In a survey conducted on Dec. 6-11 on the consequences of the social movement on very small and medium-sized businesses, the Confederation of small and medium businesses (CPME) said that 80 percent of the businesses are impacted either by losses in revenues, delays in deliveries, or by fuel shortages. The business sector is the most concerned by the recent events.

A 20-25 percent drop in revenues was also observed in Paris by the Union of hospitality professions and industries, starting from the first week of the social movement against retirement reform. "If the strikes continue, tourists will turn toward other destinations," had warned Jean-Marc Banquet, President of the Union of hospitality professions and industries.

On the political landscape, one of the stakes in the conflict is the struggle for public opinion. Despite the inconveniences (transport disruption, loss in business earnings, etc) linked to the strikes, public opinion continues to support the movement. According to the latest barometer conducted on Jan. 13 by Harris Interactive, 60 percent of French people say they support the movement in protest of the proposed retirement reforms.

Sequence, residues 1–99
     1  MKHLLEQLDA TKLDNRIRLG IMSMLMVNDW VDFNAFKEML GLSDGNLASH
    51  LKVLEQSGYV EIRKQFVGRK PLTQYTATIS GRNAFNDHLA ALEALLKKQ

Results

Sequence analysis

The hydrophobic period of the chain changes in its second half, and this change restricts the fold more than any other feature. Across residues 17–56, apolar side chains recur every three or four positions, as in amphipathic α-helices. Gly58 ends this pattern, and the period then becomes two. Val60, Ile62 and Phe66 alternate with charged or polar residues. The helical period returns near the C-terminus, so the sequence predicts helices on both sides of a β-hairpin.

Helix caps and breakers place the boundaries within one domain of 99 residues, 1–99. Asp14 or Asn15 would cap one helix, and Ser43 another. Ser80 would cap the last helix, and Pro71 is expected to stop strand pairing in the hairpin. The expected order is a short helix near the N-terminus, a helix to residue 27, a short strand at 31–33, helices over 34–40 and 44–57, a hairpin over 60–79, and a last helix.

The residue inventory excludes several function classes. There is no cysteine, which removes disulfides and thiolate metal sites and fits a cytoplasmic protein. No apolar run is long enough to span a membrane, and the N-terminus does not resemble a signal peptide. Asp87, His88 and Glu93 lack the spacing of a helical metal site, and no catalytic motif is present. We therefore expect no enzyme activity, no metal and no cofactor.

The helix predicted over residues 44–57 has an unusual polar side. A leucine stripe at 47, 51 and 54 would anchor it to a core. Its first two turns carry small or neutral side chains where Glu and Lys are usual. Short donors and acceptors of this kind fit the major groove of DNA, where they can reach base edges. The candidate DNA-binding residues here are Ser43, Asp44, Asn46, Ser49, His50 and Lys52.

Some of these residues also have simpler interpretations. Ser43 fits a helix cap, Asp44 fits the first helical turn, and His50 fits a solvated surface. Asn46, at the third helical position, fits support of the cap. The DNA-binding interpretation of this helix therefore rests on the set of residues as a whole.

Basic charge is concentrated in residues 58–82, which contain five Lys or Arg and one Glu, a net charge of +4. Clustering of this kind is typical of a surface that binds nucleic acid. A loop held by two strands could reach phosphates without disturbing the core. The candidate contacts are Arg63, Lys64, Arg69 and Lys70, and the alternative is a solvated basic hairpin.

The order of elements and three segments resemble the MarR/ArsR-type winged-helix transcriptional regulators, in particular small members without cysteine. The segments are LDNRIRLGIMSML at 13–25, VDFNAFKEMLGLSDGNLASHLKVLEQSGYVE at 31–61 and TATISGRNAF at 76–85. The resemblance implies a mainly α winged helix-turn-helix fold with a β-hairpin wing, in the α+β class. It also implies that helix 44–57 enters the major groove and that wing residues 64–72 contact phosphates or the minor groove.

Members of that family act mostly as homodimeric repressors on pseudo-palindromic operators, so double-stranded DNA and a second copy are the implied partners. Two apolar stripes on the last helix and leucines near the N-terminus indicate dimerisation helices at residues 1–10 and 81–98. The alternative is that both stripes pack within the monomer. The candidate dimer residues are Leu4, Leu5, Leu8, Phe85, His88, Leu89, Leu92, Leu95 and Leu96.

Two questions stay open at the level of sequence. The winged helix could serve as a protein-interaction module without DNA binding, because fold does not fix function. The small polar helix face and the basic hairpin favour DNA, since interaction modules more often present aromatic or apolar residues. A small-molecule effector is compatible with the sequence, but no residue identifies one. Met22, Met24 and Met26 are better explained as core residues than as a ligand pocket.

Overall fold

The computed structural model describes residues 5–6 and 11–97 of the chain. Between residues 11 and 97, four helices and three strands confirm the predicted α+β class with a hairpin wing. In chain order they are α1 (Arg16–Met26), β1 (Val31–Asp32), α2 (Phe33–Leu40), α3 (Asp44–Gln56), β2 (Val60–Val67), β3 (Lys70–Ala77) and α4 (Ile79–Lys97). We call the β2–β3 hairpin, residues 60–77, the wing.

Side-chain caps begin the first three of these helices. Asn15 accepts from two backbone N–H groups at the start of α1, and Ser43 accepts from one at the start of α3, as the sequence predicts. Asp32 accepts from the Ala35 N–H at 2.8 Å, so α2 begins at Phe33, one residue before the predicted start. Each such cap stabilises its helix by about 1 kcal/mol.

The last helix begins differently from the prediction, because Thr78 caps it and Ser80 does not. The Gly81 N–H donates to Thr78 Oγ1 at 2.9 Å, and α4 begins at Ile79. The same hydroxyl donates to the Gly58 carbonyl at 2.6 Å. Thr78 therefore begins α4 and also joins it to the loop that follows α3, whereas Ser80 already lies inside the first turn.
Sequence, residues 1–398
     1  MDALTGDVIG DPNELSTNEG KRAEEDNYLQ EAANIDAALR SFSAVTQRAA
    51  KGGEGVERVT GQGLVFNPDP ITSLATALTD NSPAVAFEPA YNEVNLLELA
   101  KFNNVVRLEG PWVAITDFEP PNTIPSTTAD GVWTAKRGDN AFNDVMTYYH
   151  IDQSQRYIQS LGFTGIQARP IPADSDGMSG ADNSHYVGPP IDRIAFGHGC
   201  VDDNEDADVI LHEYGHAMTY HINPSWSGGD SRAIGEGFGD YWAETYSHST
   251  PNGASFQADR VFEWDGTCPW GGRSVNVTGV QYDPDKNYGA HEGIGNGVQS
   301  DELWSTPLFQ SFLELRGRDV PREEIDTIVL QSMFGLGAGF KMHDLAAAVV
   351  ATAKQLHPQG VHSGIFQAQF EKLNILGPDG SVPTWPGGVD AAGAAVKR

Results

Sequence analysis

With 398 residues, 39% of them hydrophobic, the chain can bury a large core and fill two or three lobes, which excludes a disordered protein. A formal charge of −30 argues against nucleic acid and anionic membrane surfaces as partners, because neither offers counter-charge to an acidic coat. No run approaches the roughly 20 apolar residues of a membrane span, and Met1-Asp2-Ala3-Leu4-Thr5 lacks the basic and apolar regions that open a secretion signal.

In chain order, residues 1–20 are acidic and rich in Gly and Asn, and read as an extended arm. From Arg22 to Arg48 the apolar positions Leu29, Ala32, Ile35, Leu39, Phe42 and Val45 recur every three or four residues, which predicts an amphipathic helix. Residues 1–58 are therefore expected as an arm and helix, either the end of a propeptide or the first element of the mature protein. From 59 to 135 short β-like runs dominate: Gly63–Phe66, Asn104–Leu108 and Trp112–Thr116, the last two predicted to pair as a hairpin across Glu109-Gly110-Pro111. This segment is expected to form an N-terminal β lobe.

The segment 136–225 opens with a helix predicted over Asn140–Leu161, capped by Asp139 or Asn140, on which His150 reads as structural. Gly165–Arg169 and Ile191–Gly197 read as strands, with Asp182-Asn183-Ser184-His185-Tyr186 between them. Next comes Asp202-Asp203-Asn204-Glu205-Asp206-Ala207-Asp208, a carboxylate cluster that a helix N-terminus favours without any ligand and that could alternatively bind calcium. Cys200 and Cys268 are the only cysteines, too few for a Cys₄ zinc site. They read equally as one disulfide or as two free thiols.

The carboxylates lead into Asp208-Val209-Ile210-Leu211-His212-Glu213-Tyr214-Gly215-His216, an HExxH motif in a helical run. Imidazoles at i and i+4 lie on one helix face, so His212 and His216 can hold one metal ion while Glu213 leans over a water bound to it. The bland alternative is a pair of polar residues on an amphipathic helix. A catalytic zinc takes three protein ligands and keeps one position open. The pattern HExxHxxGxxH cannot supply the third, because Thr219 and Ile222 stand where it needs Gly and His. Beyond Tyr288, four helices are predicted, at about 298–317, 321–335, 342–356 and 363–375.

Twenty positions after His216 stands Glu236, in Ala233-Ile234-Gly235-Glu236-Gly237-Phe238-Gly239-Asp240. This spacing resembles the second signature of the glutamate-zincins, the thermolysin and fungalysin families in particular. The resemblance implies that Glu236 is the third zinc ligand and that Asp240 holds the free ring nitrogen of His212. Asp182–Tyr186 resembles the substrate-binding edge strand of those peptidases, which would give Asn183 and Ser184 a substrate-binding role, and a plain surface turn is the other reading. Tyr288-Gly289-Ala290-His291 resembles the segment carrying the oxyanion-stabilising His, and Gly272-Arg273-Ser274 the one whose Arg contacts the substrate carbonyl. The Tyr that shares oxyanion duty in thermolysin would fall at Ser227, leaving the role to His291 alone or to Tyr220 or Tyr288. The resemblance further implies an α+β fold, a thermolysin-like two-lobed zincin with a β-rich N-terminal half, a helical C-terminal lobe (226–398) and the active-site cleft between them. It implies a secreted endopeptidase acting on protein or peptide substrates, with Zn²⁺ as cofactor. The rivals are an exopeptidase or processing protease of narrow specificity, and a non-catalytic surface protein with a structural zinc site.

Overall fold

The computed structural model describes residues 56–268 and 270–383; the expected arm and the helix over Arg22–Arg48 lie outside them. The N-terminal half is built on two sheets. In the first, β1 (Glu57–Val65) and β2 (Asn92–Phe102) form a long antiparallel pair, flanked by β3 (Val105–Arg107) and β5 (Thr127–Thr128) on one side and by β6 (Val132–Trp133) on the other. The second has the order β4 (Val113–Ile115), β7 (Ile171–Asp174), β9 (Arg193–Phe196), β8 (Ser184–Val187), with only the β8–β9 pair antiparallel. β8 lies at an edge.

The popularity of French President Emmanuel Macron has also taken a toll. In the latest YouGov poll held on Jan. 6-7, Macron's popularity dropped 4 points, with 25 percent favorable opinions, compared to 29 percent in December 2019.

According to analysts, public opinion could end up being reflected at the polls in municipal elections next March.

Demonstrators go on a strike against the French government's pension reform, Jan. 16, 2020. (Photo by Aurelien Morissard/Xinhua)


In the eyes of certain experts and analysts, this social conflict reveals the faultlines in a political system which cannot resolve impasses or reconcile a fragmented society.

"The strike can be considered as a microcosm which reveals the vulnerability of the French economy and the institutional crisis of the country," said Zhao Junjie, a researcher at the Institute of European Studies at the Chinese Academy of Social Sciences.